Orders and deliveries by year
The effect of stiff competition and production delays was apparent in early 2016. On 20 January, United Continental Holdings ordered 40 Boeing 737-700 aircraft instead. Aside from ready availability of aircraft already in full production, the purchase of the 737 vs. the CSeries was financially prudent. Since United already flew 310 of the 737, there would be savings for pilot training and fewer spare parts would need to be stocked. Boeing also reportedly gave United a massive 73% discount on the 737 deal, dropping the price to $22 million per aircraft, well below the CS300 market value at $36 million. In November 2016, United deferred this order to save $1.6Bn in CAPEX or $26 million per 61 aircraft. David Tyerman, an analyst with Canaccord Genuity said to the Toronto Star: "This just shows how difficult it is for Bombardier to win orders these days.[...]. It also raises the question of how profitable the next C Series order they win will be for them."
On 17 February 2016, Air Canada signed a Letter of Intent (LOI) with Bombardier for up to 75 CS300 aircraft as part of its narrowbody fleet renewal plan. This comprised 45 firm orders, plus options for an additional 30 aircraft. It includes substitution rights to CS100 aircraft in certain circumstances, with deliveries to occur from late 2019 to 2022. The $3.8 billion order for 45 CS300 aircraft was finalized on 28 June 2016.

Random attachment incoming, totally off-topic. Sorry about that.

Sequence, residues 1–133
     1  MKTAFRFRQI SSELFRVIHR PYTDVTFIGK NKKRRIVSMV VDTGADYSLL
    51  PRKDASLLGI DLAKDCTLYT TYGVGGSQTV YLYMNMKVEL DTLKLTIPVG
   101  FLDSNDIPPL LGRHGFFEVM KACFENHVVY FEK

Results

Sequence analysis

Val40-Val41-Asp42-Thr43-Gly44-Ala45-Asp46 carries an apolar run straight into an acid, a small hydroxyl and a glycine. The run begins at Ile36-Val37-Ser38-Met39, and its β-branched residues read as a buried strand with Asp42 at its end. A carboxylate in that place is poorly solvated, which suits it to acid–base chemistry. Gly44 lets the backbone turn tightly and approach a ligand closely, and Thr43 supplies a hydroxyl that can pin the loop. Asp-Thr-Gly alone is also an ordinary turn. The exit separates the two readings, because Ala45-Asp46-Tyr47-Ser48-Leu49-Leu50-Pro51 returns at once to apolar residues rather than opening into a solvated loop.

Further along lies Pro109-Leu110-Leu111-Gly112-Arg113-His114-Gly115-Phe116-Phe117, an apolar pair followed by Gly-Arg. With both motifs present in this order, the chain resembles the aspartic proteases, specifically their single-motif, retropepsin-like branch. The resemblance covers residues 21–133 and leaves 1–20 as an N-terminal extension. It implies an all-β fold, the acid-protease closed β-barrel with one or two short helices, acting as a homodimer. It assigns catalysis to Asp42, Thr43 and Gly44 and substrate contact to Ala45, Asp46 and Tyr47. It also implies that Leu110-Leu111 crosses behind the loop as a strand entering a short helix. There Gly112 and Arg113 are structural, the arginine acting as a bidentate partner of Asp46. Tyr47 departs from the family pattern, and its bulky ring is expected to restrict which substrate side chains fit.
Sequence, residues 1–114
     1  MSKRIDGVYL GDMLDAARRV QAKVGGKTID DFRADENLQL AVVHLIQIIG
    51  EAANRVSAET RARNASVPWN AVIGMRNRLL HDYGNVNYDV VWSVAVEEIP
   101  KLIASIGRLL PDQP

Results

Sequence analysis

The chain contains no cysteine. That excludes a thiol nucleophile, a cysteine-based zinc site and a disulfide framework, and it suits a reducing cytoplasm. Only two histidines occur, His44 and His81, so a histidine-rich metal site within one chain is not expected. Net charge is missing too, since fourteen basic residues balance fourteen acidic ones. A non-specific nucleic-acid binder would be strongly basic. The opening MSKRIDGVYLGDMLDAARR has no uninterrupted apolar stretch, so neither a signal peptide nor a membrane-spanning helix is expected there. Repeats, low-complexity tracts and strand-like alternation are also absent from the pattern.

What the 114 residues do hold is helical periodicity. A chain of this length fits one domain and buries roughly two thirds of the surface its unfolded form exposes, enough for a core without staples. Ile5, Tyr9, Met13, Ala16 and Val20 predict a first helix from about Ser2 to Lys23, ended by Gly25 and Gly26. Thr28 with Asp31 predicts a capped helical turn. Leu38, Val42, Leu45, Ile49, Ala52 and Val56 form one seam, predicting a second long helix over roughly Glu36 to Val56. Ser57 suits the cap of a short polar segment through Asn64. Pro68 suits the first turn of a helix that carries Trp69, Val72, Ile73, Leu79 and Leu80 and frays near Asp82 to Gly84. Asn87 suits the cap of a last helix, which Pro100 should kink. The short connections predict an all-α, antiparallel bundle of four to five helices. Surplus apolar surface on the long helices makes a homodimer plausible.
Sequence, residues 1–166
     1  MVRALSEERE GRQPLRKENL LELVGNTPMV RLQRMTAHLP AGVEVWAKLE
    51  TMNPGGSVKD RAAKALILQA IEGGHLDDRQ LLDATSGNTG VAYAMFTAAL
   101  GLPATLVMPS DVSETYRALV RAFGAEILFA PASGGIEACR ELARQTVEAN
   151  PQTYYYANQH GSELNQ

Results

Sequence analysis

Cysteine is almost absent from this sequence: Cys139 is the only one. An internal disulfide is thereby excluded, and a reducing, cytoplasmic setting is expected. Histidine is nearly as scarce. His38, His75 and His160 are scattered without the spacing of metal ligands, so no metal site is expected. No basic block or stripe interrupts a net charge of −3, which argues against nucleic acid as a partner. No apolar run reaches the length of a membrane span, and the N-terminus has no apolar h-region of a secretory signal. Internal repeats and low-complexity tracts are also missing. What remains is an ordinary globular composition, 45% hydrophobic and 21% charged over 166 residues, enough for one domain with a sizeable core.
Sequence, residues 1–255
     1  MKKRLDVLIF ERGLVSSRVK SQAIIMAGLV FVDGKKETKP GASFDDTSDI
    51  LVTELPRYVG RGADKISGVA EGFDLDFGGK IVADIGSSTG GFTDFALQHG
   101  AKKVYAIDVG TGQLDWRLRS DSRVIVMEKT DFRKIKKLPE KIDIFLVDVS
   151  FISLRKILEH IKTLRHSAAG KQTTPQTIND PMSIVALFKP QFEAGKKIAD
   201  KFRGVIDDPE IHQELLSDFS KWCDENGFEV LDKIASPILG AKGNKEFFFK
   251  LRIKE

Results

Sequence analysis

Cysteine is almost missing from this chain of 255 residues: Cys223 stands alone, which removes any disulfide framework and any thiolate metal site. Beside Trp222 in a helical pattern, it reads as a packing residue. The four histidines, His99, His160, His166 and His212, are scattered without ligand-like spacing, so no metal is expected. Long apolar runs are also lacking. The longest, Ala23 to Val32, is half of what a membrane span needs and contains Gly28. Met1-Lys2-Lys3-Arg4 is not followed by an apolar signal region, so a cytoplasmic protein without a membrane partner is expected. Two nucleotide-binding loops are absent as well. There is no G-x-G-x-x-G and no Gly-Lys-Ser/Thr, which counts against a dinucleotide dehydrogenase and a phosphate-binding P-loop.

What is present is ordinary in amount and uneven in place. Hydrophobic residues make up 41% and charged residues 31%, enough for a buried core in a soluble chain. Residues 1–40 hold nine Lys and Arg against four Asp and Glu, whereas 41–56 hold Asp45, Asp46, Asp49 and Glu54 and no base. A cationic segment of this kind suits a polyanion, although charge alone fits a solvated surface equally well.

On 14 April 2016, Bombardier shares were at a six-month high based on then-unconfirmed rumours that Delta Air Lines had ordered the CSeries. On 28 April 2016, finally, Bombardier and Delta announced a sale for 75 CS100 firm orders and 50 options; the first aircraft should enter service in spring 2018. Delta would likely start using more fuel-efficient CS100s in 2018 on flights out of Los Angeles, New York and Dallas. Airways News believed that a substantial 65 to 70% discount off the $71.8 million list price was provided making the final sale at $24.6–28.7 million price per aircraft; this large order from a major carrier could help Bombardier to break the Boeing/Airbus duopoly on narrow-body aircraft. Boeing then filed a dumping petition for a total duty of 292% on the CSeries, which later initiated the partnership between Bombardier and Airbus.
With those 127 firm orders in early 2016, introduction should be with a firm backlog of more than 300 orders and up to 800 aircraft including options, conditional orders, LOI and purchase rights; they implied an onerous contract provision of around $500 million, $3.9 million per order.
Dumping petition by Boeing
On 28 April 2016, Bombardier Aerospace recorded a firm order from Delta Air Lines for 75 CSeries CS100s plus 50 options. On 27 April 2017, Boeing filed a petition for dumping them at $19.6m each, below their $33.2m production cost.